While most people have only begun hearing the term augmented reality in the last year or so, AR has been around in some form since the early '90s. It all started with heads-up displays (HUDs) for pilots to see instant information in their visors, but has graduated to a far more useful and widespread technology thanks to the advancement of computers and, more recently, smartphones.
Wikitude SDK 6, the latest incarnation of the long-running AR development tools by Wikitude GmbH, brings with it "Instant Tracking," a form of simultaneous localization and mapping (more commonly known as SLAM), which brings it one step closer to mixed reality.
SLAM allows developers to create and place 3D objects in the word without the need for visual markers to guide the device in tracking it. Instead, it uses sensors on the device to map the area and sense the movements of the device while mixing in GPS and Wi-Fi for location information. HoloLens developers may notice that this is very similar to Spatial Mapping.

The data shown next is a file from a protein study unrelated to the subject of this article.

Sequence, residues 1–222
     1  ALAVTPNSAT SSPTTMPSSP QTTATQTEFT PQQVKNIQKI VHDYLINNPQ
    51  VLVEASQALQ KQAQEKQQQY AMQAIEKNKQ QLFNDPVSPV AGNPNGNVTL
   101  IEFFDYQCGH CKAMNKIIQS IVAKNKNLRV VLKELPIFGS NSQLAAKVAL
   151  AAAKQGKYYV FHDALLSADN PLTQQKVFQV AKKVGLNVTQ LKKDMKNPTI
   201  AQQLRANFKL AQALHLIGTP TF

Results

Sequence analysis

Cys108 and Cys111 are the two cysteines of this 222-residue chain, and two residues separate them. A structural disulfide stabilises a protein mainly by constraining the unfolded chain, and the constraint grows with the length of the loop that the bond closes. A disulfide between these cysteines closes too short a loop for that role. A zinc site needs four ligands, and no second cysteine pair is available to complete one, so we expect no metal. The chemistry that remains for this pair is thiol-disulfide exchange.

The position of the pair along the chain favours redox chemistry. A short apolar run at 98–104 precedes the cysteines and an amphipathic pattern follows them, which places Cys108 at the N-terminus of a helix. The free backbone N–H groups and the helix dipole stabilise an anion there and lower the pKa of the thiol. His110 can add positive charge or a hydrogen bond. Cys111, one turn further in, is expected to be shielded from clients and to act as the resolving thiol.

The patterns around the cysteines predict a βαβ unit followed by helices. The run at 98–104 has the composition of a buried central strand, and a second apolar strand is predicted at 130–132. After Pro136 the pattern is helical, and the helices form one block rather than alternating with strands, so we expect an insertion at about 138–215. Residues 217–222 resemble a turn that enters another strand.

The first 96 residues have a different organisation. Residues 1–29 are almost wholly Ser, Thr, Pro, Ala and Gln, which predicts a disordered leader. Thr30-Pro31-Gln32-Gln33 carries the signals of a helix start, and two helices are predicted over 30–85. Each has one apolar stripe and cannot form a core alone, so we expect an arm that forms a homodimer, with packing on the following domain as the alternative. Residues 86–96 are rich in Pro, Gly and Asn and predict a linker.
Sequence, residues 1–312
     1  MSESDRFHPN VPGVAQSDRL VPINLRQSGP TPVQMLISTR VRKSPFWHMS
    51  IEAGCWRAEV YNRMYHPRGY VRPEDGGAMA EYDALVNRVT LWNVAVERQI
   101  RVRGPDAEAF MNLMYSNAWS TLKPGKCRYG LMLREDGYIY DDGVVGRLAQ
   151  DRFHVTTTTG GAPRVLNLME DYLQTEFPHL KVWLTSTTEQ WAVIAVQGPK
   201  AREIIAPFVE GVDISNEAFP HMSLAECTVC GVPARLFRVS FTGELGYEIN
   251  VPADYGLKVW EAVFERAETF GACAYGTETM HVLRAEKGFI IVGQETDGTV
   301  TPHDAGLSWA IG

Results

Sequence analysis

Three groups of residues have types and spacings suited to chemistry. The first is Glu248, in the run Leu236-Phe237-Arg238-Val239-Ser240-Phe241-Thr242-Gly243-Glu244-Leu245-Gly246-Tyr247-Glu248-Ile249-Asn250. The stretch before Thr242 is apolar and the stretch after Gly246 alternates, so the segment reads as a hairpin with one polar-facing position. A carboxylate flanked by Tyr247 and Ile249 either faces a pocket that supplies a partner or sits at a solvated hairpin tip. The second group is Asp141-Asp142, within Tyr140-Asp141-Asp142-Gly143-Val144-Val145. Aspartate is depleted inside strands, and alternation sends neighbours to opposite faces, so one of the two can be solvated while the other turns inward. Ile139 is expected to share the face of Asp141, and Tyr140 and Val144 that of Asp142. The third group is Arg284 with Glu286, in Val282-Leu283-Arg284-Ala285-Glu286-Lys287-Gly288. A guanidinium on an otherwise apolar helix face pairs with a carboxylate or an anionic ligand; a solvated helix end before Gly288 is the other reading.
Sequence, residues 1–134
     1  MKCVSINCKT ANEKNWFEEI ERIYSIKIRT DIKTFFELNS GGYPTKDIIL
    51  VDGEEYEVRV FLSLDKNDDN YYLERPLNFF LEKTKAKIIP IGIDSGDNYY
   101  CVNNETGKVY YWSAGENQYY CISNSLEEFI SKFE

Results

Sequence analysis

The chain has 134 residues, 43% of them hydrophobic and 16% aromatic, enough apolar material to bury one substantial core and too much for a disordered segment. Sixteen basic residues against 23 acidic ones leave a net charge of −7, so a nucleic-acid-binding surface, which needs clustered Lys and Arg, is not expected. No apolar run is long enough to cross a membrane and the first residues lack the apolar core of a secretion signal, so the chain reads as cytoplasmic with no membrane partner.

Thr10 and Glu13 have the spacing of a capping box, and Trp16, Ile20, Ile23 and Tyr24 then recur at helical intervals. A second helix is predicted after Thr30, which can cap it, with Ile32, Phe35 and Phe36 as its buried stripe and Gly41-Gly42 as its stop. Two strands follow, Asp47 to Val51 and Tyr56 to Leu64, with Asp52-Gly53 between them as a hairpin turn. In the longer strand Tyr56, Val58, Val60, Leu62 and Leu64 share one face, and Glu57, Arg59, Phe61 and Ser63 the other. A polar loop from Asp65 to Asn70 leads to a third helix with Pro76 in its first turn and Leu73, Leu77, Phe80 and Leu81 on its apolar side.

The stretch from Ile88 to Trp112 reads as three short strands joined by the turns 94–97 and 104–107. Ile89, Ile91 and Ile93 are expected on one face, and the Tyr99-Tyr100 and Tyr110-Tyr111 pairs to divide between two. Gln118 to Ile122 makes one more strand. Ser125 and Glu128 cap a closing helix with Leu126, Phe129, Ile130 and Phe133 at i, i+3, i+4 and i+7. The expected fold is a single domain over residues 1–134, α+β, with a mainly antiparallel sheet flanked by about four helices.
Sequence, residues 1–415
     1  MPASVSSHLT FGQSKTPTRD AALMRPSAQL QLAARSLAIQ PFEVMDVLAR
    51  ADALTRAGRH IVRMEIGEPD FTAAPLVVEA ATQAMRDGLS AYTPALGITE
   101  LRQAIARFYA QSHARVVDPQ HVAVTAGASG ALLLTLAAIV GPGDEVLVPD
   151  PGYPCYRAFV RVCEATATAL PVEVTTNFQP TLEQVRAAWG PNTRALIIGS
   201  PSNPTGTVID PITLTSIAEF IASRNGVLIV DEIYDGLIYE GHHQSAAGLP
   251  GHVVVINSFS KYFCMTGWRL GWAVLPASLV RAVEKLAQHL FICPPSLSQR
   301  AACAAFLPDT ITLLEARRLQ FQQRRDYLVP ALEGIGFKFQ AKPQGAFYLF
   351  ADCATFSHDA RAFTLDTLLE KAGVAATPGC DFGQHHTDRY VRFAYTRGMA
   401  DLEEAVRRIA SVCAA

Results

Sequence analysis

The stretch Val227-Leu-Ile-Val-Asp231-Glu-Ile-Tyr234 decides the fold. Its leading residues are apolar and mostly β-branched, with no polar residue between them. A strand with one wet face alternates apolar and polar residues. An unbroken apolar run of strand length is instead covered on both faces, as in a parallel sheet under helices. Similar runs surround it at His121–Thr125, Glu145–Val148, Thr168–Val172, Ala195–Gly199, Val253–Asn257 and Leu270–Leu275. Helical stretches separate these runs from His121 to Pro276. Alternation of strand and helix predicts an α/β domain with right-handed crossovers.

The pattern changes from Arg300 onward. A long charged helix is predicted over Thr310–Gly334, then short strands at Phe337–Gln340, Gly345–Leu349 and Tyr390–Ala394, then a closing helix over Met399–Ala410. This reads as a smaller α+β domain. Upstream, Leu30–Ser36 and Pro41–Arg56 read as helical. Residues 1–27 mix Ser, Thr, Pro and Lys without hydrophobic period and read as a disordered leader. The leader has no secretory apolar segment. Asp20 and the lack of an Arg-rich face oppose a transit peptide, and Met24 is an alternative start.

Wikitude GmbH first appeared in 2008 offering their Wikitude SDK. This set of development tools brought with it a technique called location-based augmented reality. This is a form of augmented reality that allows the users to leave 3D objects and data around the world. Other users can, using their smartphone, tablet, or head-mounted display, go to that location and see the same information.
For developers interested in using this technology, the pricing for a yearly license (converted from Eruos to US dollars) ranges from around $2,685 for the Pro version, $3,325 for Pro 3D, and $4,842 for their cloud-based solution.
The compatible devices listed include iOS and Android smartphones and tablets, as well as Epson Moverio, Vuzix M100, and ODG R-7 smartglasses. Many regular readers should note the very noticeable omission of the Microsoft HoloLens from this list. Wikitude also has a Unity plugin, and works with other development frameworks.
Have an iPhone? See everything that's new with Apple's latest iOS update: